Spite House

At first glance, trash appears to have been strewn in the front gallery of the group show Spite House. A section of chain-link fence has been crumpled into a ball on the floor. (Then, oddly, coated in gold paint.) Assemblages of duct tape, scrap wood, cardboard, and plastic bags reach up to the ceiling. Nearby, the plywood sarcophagus When the First One of Us Dies has the look of a one-man homeless shelter or coffin. It’s built of rude materials salvaged from the streets by Tacoma artist Eli Hansen (with Herman Beans), the kind of stuff you find heaped next to a dumpster—not quite good enough to keep, not quite bad enough to toss. Shelter, or the lack of it, is also documented in Hansen’s large photo of a temporary creation, A Place I Used to Live. This turns out to be an elevated, open air sleeping loft, mounted to a graffiti-covered wall, reachable only by a ladder, suspended over railroad tracks. (In the photo, a mattress has fallen down to the gravel railway bed.) It is not a place of rest or refuge. Rather, the flimsy, precarious roost suggests how walls and roofs can fail, and fail to protect us. Everything here is ad-hoc, revocable, could be busted up with a sledge hammer in the alley and reduced to rubble. And then next guy in need might build something with it. BRIAN MILLER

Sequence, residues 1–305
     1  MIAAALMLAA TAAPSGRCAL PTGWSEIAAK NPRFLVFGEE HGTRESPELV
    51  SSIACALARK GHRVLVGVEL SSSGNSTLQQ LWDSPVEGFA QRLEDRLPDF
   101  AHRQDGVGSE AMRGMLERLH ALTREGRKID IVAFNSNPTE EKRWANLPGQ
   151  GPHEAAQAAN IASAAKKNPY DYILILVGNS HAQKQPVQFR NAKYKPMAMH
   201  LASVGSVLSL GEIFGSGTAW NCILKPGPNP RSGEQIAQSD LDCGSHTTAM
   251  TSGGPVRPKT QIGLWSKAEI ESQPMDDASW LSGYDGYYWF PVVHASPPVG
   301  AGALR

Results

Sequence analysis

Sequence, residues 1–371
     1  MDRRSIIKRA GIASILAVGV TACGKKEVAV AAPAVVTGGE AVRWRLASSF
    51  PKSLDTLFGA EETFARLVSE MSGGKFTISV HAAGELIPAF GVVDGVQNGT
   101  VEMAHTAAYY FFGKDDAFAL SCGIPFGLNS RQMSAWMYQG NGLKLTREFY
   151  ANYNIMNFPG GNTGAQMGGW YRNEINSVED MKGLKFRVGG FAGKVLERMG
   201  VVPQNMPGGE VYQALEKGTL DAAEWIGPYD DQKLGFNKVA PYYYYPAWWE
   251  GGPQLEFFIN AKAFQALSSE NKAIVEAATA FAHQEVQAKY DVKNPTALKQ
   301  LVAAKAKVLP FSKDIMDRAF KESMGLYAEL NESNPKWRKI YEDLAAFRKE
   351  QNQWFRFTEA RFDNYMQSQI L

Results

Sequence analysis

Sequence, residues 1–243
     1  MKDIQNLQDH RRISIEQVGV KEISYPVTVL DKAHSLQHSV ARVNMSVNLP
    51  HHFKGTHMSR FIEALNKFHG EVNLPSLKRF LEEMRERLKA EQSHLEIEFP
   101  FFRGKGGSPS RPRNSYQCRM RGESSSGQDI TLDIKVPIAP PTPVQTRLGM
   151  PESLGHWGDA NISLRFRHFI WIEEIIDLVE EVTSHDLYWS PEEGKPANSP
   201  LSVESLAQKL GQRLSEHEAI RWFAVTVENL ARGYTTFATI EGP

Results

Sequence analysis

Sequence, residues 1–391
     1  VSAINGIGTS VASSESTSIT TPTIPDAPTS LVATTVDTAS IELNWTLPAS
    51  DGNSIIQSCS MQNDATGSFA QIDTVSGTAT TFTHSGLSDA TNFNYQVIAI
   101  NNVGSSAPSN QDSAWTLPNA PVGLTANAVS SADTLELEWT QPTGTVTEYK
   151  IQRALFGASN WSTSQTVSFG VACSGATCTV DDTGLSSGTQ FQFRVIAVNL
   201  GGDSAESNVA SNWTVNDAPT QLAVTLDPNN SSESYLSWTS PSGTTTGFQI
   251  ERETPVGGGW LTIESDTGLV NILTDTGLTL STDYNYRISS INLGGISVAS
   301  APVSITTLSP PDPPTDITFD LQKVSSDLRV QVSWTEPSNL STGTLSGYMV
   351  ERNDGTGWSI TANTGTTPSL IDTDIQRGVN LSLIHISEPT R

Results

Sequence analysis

Tuesdays-Saturdays, 10 a.m.-5:30 p.m. Starts: Aug. 6. Continues through Sept. 12, 2009

 
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